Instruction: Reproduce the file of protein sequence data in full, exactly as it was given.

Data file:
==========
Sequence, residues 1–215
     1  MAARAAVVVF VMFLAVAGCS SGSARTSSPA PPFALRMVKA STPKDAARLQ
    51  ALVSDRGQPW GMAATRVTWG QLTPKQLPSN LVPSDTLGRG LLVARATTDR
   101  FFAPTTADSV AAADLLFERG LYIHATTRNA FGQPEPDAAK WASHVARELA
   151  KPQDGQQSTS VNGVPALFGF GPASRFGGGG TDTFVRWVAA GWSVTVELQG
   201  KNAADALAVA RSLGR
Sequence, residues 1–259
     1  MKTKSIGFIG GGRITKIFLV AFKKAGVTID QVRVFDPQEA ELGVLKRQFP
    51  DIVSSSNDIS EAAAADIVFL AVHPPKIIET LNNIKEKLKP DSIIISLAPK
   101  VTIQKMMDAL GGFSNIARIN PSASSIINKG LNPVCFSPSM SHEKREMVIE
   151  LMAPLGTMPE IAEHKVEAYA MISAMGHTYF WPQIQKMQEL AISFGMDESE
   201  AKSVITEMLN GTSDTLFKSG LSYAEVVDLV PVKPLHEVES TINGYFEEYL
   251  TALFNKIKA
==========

Sequence, residues 1–215
     1  MAARAAVVVF VMFLAVAGCS SGSARTSSPA PPFALRMVKA STPKDAARLQ
    51  ALVSDRGQPW GMAATRVTWG QLTPKQLPSN LVPSDTLGRG LLVARATTDR
   101  FFAPTTADSV AAADLLFERG LYIHATTRNA FGQPEPDAAK WASHVARELA
   151  KPQDGQQSTS VNGVPALFGF GPASRFGGGG TDTFVRWVAA GWSVTVELQG
   201  KNAADALAVA RSLGR
Sequence, residues 1–259
     1  MKTKSIGFIG GGRITKIFLV AFKKAGVTID QVRVFDPQEA ELGVLKRQFP
    51  DIVSSSNDIS EAAAADIVFL AVHPPKIIET LNNIKEKLKP DSIIISLAPK
   101  VTIQKMMDAL GGFSNIARIN PSASSIINKG LNPVCFSPSM SHEKREMVIE
   151  LMAPLGTMPE IAEHKVEAYA MISAMGHTYF WPQIQKMQEL AISFGMDESE
   201  AKSVITEMLN GTSDTLFKSG LSYAEVVDLV PVKPLHEVES TINGYFEEYL
   251  TALFNKIKA